Death of a Martyr

I am not sure I agree completely with the author, but he has some points that bear consideration.
WSJ 11/26/2018 By Tunku Varadarajan

North Sentinel Island lies 500 miles to the east of India in the Bay of Bengal. It is inhabited by 50 to 150 people—no one knows how many for sure—descended from Stone Age migrants from Africa who settled there 50,000 years ago. Their way of life has changed little since those primordial times. No one in the world outside knows their language.

By anthropological accounts, the Sentinelese are the world’s most isolated and inaccessible people. But John Allen Chau, a 27-year-old missionary from Washington state, also saw them as godforsaken and took it upon himself to convert them to Christianity. “Lord, is this island Satan’s last stronghold,” he wrote in his diary, “where none have heard or even had the chance to hear your name?”

Chau paid for his evangelical foray with his life. Last week— probably on Wednesday—he was killed by Sentinelese men wielding bows and arrows while attempting to approach them on their island. His body was most likely riddled, bringing to mind St. Sebastian, who had arrows showered upon him on the order of Roman Emperor Diocletian. (“And the archers shot at him,” wrote a hagiographer, “till he was as full of arrows as a hedgehog is full of pricks.”) Given the symbolism, and the obvious tragedy of his death, there will be those who ascribe nobility to Chau, and courage. After all, he ventured into hostile territory to propagate his faith. There can be no doubt that he was a devout Christian, even a fanatical one. One suspects that an element of fanaticism has driven missionaries throughout history to venture into far-flung places where they’re not wanted (at least initially). Chau is the latest in a long line of Christian martyrs, although perhaps the first with his own Instagram account.

But go easy on the romance of Chau and his messy, martyred end. He broke Indian law by entering the country on a tourist visa while pursuing an evangelical mission. Chau’s application would have been refused if it so much as mentioned the words “North Sentinel Island.”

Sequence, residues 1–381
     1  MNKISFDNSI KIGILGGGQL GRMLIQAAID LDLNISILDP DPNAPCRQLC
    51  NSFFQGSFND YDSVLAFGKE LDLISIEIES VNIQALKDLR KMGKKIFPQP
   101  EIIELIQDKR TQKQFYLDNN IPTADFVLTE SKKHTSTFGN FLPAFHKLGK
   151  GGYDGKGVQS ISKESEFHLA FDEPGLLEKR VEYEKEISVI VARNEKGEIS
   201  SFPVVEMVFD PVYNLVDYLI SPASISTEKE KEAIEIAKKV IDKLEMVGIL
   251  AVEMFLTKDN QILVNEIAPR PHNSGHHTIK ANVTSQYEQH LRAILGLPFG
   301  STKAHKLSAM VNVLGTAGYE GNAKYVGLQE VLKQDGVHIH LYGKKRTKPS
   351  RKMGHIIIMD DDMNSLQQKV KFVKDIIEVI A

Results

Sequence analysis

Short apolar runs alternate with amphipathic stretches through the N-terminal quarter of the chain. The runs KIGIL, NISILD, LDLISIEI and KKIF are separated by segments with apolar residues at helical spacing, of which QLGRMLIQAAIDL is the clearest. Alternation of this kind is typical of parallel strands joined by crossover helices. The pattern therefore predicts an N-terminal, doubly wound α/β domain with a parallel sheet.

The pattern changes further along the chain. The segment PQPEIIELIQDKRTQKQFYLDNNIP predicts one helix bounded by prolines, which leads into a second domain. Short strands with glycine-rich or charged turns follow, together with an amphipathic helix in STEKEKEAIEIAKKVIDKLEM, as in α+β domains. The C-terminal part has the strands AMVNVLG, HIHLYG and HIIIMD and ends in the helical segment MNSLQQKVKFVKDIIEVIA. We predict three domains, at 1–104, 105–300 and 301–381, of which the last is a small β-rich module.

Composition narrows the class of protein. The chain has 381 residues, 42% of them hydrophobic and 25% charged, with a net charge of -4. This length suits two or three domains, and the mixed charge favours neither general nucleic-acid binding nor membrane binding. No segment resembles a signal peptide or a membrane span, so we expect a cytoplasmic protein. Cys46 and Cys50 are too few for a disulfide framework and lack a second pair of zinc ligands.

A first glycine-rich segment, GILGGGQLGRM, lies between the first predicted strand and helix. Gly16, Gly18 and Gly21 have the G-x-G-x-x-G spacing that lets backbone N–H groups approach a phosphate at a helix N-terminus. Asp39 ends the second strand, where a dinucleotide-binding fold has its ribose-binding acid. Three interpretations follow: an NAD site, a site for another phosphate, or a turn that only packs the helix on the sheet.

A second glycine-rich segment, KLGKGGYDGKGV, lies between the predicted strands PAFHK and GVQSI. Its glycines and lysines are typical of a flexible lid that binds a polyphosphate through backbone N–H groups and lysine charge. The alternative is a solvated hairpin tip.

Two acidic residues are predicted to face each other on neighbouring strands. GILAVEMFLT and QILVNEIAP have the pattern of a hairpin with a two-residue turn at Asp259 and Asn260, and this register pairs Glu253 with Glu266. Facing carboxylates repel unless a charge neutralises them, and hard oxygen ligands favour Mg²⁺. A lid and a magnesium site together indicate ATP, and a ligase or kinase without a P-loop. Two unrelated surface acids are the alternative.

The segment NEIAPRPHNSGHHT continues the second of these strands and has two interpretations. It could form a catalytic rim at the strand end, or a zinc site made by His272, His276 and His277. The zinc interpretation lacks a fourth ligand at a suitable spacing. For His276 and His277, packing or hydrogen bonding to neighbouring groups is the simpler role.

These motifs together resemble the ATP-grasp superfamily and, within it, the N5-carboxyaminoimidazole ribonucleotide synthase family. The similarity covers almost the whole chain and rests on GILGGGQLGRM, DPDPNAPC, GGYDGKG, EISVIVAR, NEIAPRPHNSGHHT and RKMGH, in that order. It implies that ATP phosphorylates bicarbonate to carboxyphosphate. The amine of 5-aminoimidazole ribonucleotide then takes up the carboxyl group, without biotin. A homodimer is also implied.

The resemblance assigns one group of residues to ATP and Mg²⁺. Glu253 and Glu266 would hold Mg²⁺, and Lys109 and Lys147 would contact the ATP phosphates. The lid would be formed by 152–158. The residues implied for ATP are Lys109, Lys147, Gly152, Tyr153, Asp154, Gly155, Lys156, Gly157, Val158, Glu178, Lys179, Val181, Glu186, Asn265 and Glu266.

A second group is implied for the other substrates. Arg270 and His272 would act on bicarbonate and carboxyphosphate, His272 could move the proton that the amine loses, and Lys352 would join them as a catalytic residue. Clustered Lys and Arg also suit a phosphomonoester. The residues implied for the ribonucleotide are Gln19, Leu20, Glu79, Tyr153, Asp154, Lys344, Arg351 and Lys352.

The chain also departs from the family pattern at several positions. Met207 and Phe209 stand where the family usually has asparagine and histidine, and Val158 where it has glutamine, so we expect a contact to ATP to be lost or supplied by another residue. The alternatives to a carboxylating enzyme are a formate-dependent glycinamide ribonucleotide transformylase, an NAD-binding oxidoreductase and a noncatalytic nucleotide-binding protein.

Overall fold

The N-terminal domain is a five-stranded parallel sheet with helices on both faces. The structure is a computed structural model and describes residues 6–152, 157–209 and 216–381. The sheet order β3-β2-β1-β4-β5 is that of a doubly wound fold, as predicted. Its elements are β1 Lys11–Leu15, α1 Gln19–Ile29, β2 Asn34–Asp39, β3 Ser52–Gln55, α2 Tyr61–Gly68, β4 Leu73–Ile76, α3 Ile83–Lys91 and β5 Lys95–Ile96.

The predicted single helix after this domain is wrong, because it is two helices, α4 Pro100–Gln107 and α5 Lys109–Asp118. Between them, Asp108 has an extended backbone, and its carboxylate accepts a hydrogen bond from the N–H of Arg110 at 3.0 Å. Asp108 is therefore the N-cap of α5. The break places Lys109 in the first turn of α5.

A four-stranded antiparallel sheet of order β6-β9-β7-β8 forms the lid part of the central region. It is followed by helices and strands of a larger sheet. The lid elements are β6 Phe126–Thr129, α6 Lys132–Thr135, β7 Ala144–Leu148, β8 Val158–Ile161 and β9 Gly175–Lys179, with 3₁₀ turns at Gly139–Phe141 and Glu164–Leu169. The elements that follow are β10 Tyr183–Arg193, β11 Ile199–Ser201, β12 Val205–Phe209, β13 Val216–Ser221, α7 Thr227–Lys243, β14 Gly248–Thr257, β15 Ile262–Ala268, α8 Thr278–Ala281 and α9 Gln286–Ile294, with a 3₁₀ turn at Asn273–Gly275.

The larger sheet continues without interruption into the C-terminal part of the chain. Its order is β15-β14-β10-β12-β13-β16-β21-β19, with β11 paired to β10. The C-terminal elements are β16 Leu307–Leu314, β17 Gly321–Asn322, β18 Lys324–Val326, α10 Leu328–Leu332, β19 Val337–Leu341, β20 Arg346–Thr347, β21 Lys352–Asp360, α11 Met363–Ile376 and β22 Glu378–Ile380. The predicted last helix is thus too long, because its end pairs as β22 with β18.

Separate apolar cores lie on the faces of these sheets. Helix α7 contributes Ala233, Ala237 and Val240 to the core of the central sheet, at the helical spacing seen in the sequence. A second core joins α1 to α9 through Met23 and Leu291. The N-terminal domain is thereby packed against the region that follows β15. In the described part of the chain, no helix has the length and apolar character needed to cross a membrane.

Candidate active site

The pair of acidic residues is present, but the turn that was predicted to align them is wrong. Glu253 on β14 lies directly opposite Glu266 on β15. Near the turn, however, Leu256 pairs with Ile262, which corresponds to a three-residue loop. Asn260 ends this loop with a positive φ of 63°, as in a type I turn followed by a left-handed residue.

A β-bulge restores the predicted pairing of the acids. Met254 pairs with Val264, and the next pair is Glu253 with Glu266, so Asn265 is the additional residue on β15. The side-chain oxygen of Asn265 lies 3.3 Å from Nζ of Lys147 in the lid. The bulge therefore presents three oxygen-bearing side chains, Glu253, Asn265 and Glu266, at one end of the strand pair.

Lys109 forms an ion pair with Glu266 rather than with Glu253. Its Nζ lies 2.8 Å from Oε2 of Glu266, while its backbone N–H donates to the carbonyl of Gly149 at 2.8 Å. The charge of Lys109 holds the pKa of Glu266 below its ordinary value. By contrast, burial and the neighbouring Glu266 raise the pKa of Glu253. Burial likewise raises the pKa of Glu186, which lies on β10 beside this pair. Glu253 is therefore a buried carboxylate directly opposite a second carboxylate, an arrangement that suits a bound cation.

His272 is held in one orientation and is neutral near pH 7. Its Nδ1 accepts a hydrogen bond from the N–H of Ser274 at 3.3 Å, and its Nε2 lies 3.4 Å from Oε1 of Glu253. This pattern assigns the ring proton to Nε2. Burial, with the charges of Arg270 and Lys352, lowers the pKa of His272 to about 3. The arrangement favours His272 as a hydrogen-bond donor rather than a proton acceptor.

No one is permitted to land on the island, not because India disapproves of foreign evangelists— it most emphatically does—but because it has adopted a policy since 1947 (the year of India’s independence) of leaving the Sentinelese entirely to themselves. The policy is called, pithily, “Eyes on, hands off.” The Sentinelese are observed from a very watchful distance, but there is a resolute prohibition on any physical contact with them.

There are epidemiological reasons for this, quite apart from the aesthetic and anthropological ones that advocate the leaving alone of an isolated people whom modern civilization has bypassed. Contact with the outside world—with men like Chau—would likely kill off the Sentinelese. Think flu, measles, chickenpox.

What we had in the end, was one man’s futile—and fatal— theater. But there’s a moral aftermath: The missionary found martyrdom, the Sentinelese a new lease on life. Out of this tragedy will come a vigorous new awareness of who they are, and what they don’t need. And that includes waterproof Bibles.

Mr. Varadarajan, born in India, is executive editor at Stanford University’s Hoover Institution.


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